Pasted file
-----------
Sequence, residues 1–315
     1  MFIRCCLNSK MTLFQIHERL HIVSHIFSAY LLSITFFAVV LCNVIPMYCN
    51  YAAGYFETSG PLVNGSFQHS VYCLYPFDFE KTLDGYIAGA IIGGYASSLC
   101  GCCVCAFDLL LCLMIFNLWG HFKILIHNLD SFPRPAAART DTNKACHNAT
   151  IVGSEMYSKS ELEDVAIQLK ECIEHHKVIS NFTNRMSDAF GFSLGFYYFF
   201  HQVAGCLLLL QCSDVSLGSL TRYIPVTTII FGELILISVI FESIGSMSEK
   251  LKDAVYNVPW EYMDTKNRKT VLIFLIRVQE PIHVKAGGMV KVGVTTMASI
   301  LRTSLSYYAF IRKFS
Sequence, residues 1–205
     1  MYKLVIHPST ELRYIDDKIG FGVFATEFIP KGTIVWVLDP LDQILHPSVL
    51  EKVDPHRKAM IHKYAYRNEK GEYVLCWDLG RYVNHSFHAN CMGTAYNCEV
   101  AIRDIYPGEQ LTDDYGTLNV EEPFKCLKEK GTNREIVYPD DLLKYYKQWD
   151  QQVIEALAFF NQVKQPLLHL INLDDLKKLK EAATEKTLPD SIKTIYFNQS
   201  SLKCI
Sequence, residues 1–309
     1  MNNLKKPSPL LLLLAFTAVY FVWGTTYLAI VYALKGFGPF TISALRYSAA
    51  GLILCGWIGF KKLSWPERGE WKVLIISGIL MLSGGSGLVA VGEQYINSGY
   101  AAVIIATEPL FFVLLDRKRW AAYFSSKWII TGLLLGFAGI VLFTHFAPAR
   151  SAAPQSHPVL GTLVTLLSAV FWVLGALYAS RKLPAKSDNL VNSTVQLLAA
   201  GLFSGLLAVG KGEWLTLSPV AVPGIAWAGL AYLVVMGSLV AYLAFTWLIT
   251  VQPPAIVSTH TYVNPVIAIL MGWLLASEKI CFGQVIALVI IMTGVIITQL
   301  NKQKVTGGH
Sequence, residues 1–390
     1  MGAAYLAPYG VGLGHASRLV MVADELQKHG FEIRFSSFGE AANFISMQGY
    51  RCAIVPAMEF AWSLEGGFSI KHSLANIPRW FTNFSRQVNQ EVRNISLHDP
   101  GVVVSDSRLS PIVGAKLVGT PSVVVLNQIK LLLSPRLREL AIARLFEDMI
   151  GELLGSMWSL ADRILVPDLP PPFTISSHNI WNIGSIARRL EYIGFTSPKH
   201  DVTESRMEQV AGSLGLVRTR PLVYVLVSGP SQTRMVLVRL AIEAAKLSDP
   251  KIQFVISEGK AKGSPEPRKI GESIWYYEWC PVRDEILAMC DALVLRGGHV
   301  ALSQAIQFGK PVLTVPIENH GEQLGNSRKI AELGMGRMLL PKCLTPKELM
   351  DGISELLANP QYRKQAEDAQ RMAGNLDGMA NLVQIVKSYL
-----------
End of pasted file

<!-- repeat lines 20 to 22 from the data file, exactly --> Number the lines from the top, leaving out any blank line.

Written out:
   201  GLFSGLLAVG KGEWLTLSPV AVPGIAWAGL AYLVVMGSLV AYLAFTWLIT
   251  VQPPAIVSTH TYVNPVIAIL MGWLLASEKI CFGQVIALVI IMTGVIITQL
   301  NKQKVTGGH